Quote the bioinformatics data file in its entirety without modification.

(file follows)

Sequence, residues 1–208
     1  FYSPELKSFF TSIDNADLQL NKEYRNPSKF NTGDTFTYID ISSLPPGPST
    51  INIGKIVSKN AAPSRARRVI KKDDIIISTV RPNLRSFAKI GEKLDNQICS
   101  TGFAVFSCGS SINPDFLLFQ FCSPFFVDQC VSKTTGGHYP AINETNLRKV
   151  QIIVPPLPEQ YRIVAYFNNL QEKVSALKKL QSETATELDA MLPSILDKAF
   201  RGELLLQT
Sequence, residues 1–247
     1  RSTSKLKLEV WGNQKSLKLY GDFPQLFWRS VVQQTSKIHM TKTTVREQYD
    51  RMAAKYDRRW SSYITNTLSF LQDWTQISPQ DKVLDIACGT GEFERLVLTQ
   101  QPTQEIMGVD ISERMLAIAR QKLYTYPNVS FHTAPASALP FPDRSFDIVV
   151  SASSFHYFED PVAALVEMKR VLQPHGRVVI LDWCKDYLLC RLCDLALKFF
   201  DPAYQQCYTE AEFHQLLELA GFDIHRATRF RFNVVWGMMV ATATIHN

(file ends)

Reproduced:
Sequence, residues 1–208
     1  FYSPELKSFF TSIDNADLQL NKEYRNPSKF NTGDTFTYID ISSLPPGPST
    51  INIGKIVSKN AAPSRARRVI KKDDIIISTV RPNLRSFAKI GEKLDNQICS
   101  TGFAVFSCGS SINPDFLLFQ FCSPFFVDQC VSKTTGGHYP AINETNLRKV
   151  QIIVPPLPEQ YRIVAYFNNL QEKVSALKKL QSETATELDA MLPSILDKAF
   201  RGELLLQT
Sequence, residues 1–247
     1  RSTSKLKLEV WGNQKSLKLY GDFPQLFWRS VVQQTSKIHM TKTTVREQYD
    51  RMAAKYDRRW SSYITNTLSF LQDWTQISPQ DKVLDIACGT GEFERLVLTQ
   101  QPTQEIMGVD ISERMLAIAR QKLYTYPNVS FHTAPASALP FPDRSFDIVV
   151  SASSFHYFED PVAALVEMKR VLQPHGRVVI LDWCKDYLLC RLCDLALKFF
   201  DPAYQQCYTE AEFHQLLELA GFDIHRATRF RFNVVWGMMV ATATIHN